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How to Prune Wild Grape Vines

By Lauren Wise ; Updated September 21, 2017
Pruning is necessary for grape production.

Wild grapevines can benefit a landscape aesthetically by providing a privacy wall (after maturing) or by providing a delicious fruit harvest for an excited chef or wine lover. One of the most integral parts of growing grapevines is pruning, because if there is no pruning, there is no fruit. When starting out, grow your grapevines from a trellis or stake so it is easier to train and prune the vines.

Let young grapevines grow unpruned for almost a full year. This will help the vine develop deep roots and a strong main trunk (or cane). In the end, it will make the grapevine easier for you to prune because you will understand the growth pattern of the foliage and other canes.

Pick out the trunk (or cane) that looks the strongest once it gets to the beginning of the first year's winter. Locate all the other canes around this one and prune them to the base. Doing this will ensure the majority of the nutrients are directed to the main trunk.

Secure the main trunk to the stake with the twine, pulling tightly around the base, middle and top. If you don't have a stake or trellis installed already, install a stake by digging a hole about 9 inches deep about 6 inches from the grapevine's base. The hole needs to be the same diameter as the wooden stake. Pound the stake into the hole with the hammer until it is secure and tight.

Allow the branches to grow from the main trunk from now until the spring of the second growing year. At this point, prune back all the side shoots from the trunk again, except this time, leave one branch on each side of the main trunk that appears the strongest or thickest on that side. Use the twine to secure the larger vines to the wooden stake. Pinch back the smaller ones in order to start training the vines.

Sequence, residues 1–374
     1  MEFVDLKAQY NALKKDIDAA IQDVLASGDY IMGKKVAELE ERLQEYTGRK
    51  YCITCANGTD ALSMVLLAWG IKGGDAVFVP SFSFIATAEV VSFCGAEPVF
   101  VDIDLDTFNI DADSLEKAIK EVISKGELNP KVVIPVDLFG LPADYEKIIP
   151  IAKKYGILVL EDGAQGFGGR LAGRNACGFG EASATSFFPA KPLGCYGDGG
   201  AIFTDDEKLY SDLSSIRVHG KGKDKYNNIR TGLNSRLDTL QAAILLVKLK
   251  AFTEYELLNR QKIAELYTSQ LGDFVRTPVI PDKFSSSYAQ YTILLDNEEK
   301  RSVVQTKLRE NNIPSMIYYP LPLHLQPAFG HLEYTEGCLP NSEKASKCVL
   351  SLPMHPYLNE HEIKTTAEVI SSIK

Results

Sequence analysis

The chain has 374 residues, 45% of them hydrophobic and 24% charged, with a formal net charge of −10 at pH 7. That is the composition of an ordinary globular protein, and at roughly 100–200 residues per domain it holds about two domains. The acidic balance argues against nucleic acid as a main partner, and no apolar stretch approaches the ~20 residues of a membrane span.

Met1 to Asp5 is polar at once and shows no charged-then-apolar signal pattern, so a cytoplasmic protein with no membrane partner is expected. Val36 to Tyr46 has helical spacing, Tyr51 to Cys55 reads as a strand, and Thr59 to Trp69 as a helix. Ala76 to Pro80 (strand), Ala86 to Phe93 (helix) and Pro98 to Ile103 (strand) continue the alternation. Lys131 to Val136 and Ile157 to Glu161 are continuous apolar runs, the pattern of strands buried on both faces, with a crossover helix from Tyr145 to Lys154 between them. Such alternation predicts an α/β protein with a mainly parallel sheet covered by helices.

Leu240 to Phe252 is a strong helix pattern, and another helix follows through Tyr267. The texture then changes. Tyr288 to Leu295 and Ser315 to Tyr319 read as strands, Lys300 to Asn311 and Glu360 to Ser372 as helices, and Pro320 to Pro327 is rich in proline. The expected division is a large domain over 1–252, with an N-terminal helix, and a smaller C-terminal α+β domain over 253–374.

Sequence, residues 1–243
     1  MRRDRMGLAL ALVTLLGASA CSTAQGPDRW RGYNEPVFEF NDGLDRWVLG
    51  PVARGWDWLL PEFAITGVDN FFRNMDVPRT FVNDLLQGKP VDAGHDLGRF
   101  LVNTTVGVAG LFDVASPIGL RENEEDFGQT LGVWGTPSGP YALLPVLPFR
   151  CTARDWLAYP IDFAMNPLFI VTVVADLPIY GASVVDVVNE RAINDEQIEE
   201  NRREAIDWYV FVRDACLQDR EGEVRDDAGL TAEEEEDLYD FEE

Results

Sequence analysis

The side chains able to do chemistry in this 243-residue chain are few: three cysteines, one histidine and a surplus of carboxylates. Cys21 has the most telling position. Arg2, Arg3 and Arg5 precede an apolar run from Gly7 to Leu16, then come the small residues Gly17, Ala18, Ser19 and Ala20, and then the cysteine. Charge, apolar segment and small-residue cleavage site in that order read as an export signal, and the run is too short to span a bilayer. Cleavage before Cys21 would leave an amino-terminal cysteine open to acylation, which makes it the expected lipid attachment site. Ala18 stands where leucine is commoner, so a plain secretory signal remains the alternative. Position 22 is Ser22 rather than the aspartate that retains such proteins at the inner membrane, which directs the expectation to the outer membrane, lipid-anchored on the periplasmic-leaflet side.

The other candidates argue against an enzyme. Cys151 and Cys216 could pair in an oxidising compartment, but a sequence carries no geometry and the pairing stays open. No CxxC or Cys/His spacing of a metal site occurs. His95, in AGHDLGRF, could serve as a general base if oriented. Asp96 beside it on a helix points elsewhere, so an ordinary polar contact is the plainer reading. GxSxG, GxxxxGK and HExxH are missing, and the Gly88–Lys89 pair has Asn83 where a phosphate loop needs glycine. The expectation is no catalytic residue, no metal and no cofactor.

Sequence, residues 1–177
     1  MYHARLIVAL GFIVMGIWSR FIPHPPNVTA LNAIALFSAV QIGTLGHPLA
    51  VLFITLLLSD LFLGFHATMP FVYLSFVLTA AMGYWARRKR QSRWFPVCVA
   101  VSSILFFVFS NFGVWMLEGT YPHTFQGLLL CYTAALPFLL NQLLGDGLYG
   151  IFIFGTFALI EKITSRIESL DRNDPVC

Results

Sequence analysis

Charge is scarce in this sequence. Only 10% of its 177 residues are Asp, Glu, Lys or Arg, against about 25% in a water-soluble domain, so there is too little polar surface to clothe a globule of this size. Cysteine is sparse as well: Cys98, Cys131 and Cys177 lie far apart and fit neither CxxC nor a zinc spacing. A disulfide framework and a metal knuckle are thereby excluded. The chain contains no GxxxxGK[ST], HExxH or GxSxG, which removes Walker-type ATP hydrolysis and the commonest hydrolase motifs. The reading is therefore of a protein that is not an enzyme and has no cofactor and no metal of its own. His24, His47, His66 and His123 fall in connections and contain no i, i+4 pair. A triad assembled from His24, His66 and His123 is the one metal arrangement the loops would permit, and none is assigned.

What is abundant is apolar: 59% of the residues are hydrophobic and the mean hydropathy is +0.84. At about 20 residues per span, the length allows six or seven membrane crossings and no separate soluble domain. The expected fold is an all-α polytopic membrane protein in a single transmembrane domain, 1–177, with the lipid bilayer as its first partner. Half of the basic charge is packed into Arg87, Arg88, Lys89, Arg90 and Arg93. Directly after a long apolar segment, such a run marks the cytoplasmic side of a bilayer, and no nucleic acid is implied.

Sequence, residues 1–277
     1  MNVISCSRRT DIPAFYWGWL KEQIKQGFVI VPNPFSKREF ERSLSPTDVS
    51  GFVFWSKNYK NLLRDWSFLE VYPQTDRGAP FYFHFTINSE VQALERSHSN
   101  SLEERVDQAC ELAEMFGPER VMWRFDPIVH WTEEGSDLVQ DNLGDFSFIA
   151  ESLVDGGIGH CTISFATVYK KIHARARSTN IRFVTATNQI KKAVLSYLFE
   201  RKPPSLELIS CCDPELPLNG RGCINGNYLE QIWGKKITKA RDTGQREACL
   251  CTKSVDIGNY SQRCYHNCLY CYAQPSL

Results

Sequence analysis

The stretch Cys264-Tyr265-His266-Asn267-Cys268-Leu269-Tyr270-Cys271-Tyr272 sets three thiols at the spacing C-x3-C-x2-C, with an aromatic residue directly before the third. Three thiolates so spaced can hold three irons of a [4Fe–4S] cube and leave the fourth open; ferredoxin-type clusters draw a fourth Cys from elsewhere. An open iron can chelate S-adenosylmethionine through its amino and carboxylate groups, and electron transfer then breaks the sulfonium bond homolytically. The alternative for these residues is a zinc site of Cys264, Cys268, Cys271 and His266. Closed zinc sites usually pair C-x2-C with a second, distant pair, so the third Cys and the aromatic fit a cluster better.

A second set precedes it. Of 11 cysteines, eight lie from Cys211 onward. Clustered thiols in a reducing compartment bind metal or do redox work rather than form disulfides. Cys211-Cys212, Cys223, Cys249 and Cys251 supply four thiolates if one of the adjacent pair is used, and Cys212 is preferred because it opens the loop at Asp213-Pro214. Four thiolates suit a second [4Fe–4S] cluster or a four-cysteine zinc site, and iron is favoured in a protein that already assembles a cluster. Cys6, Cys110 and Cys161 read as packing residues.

Prune back the top of the main trunk during the second year's summer once it reaches the height you desire. This directs nutrients to the side branches.

Prune off all of the main shoot's and side branches' offshoots during the winter of the second year to create the basic grapevine framework of a main trunk with two arms.

Let the grapevine grow from spring to summer of the third year, only pruning it to maintain the framework.

Cut back the two main branches that grow from the main trunk during the winter of the third year. Prune so 12 buds remain on each branch. These 12 buds are what will produce the grapes during the following (fourth) season. It will appear stubby, as all the buds will have about two leaf joints, otherwise called renewal buds.

Continue to prune the grapevine using this method from Step 8 for the rest of it's life during each winter. There is only one change each year: allow one more bud to grow on the tip of each main branch after the 12 renewal buds, which will provide two new buds each year. This is how the grapevine will grow more and more each year, eventually producing more fruit and growing vines along the trellis for training.


Things You Will Need

  • Bypass pruners
  • Hammer
  • Twine
  • Wooden stake, 4 feet tall